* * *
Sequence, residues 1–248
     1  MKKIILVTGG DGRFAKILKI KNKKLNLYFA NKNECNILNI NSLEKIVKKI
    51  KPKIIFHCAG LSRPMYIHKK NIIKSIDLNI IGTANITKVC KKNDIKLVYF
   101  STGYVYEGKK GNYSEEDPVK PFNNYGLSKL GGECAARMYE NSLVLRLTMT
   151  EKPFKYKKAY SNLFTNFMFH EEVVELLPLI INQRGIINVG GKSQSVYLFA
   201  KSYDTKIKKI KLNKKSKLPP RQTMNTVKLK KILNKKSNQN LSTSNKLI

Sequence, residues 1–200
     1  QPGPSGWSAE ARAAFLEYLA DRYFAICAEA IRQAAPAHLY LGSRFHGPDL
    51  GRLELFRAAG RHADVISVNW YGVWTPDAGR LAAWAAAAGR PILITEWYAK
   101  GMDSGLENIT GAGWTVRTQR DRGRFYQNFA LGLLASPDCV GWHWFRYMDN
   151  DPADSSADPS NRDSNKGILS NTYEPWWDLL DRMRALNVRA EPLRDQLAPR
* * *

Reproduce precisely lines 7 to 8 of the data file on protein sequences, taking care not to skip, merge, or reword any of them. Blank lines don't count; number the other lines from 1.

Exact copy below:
Sequence, residues 1–200
     1  QPGPSGWSAE ARAAFLEYLA DRYFAICAEA IRQAAPAHLY LGSRFHGPDL